A 401(k) plan will not only satisfy the state requirement, but it allows you to customize the plan, including eligibility, age of participation, length of minimum service, vesting, employer contributions, and other factors that can make a big impact in the satisfaction—and retention—of your employees long-term, particularly for the millennials who fill the majority of cannabis jobs.

401(k)s Are More Cost-Effective for Cannabis Employers

On top of being more flexible, 401(k) plans offer more bang for the cannabis employer’s buck than Calsavers, because 401(k) contributions are pre-tax. In fact, Calsavers’ employers receive no tax benefit for opting into the plan, and they don’t qualify for additional tax deductions for matching employee contributions because the program doesn’t allow matching.

 “Calsavers only offers after-tax contributions to a Roth IRA. Investment earnings within a Roth IRA are tax-deferred until withdrawn,” reports Betterment for Business.

But, thanks to the SECURE Act passed in 2019, when an employer opts for a 401(k) plan, which allows both pre-tax and post-tax payments, they are eligible for ample tax credits that reduce tax liability dollar for dollar. Under the SECURE ACT, any company — including a cannabis company — can get up to $5,000 annually in a federal tax credit for starting or participating in a new 401(k) plan. Plus, if the 401(k) plan has an automatic enrollment feature, then there is another $500 annual federal tax credit.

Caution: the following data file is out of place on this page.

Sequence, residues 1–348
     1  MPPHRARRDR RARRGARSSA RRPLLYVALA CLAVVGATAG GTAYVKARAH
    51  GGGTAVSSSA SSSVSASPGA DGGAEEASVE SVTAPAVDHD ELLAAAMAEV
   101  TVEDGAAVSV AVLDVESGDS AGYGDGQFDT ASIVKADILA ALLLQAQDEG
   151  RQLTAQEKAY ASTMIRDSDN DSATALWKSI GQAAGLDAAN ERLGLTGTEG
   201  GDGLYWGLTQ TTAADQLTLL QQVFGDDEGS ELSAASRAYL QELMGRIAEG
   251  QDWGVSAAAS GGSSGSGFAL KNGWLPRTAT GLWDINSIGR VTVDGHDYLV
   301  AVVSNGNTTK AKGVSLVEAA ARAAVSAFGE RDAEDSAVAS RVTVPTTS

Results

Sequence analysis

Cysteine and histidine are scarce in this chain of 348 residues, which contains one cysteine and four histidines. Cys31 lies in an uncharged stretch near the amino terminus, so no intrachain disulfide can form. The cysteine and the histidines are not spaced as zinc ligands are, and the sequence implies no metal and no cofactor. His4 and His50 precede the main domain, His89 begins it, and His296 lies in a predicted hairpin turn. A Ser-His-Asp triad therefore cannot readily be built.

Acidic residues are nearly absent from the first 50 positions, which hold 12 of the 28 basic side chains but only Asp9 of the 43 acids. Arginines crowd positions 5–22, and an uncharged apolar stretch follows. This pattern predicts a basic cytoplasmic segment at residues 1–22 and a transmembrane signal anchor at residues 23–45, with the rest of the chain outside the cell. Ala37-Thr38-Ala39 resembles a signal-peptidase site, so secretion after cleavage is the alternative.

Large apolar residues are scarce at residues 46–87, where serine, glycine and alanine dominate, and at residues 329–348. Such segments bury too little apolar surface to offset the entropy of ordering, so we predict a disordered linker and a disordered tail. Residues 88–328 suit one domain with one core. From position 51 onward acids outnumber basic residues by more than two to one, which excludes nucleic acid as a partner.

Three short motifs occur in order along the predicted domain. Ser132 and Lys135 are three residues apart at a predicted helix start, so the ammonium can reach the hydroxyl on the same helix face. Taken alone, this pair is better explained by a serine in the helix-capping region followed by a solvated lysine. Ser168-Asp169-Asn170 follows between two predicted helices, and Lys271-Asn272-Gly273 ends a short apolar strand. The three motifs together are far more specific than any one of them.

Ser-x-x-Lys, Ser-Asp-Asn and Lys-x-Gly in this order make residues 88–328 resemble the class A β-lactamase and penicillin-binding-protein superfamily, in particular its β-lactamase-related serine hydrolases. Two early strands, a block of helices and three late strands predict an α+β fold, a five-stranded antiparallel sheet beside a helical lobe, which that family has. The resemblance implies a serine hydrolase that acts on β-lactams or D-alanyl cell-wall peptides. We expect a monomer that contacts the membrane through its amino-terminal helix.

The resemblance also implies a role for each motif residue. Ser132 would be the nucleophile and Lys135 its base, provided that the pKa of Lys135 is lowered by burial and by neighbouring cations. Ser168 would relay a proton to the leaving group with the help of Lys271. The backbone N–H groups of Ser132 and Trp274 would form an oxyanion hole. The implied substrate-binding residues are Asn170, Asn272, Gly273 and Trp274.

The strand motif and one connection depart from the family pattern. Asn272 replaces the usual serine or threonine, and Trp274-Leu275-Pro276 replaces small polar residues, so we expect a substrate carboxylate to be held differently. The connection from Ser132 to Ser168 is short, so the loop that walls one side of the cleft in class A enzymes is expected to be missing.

These substantial tax credits can help cut down the high costs of running a cannabis business in California, particularly if you’re a small start-up. As Cal Matters reports about small businesses attempting to enter and stay in the space,  “The process is daunting: business plans, tax returns, seed money. Even with state programs designed to close the gap, experts and advocates say the cost of entry and long list of requirements are still keeping people of color and low-income applicants from entering the state’s lucrative legal market.”

That isn’t to say a tax credit wouldn’t be a boon for larger and more established cannabis corporations, too. After all, according to recent data, the average upfront investment to open just one dispensary in California is $80,000 to $250,000, and from there, ongoing operating expenses are between $30,000 and $70,000 per month. Henceforth, by opting into a 401(k) as opposed to the Calsavers plan, California’s new retirement plan mandate doesn’t have to add to a cannabis company’s financial overhead.

Ultimately, though the state-offered Calsavers program doesn’t offer many benefits to cannabis companies as compared to other benefit programs, opting into Calsavers before the state deadline is better than being slapped with non-compliance fines. But, if your company is in a position to shop around and look at options for 401(k)s, odds are you will find that these private plans offer more flexibility and cost-effectiveness, and that they fortify your cannabis business for the long-term.

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For more tips and information regarding retirement plans, contact us.